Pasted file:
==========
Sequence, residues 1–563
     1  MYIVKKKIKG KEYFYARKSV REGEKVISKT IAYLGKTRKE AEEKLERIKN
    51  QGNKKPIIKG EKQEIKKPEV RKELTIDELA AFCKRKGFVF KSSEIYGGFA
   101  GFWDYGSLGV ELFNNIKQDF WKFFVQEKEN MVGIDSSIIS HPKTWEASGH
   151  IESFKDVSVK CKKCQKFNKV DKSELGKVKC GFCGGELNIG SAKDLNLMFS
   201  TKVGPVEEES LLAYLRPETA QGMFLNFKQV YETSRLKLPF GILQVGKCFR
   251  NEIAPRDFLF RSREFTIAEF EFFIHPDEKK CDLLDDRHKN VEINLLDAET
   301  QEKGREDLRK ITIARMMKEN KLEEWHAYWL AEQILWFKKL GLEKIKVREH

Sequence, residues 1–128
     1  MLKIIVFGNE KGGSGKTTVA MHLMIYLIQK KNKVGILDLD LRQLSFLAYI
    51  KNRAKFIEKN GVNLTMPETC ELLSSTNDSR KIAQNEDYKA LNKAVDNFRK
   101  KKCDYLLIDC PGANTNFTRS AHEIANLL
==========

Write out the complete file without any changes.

Sequence, residues 1–563
     1  MYIVKKKIKG KEYFYARKSV REGEKVISKT IAYLGKTRKE AEEKLERIKN
    51  QGNKKPIIKG EKQEIKKPEV RKELTIDELA AFCKRKGFVF KSSEIYGGFA
   101  GFWDYGSLGV ELFNNIKQDF WKFFVQEKEN MVGIDSSIIS HPKTWEASGH
   151  IESFKDVSVK CKKCQKFNKV DKSELGKVKC GFCGGELNIG SAKDLNLMFS
   201  TKVGPVEEES LLAYLRPETA QGMFLNFKQV YETSRLKLPF GILQVGKCFR
   251  NEIAPRDFLF RSREFTIAEF EFFIHPDEKK CDLLDDRHKN VEINLLDAET
   301  QEKGREDLRK ITIARMMKEN KLEEWHAYWL AEQILWFKKL GLEKIKVREH

Sequence, residues 1–128
     1  MLKIIVFGNE KGGSGKTTVA MHLMIYLIQK KNKVGILDLD LRQLSFLAYI
    51  KNRAKFIEKN GVNLTMPETC ELLSSTNDSR KIAQNEDYKA LNKAVDNFRK
   101  KKCDYLLIDC PGANTNFTRS AHEIANLL